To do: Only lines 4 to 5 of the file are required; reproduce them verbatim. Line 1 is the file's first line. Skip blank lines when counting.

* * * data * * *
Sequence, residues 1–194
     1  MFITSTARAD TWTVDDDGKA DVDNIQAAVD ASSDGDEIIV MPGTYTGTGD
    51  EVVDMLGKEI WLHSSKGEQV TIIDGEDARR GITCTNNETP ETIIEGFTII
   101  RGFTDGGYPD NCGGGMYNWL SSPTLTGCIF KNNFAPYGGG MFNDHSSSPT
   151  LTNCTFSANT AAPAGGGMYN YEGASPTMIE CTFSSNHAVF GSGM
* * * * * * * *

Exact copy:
   101  RGFTDGGYPD NCGGGMYNWL SSPTLTGCIF KNNFAPYGGG MFNDHSSSPT
   151  LTNCTFSANT AAPAGGGMYN YEGASPTMIE CTFSSNHAVF GSGM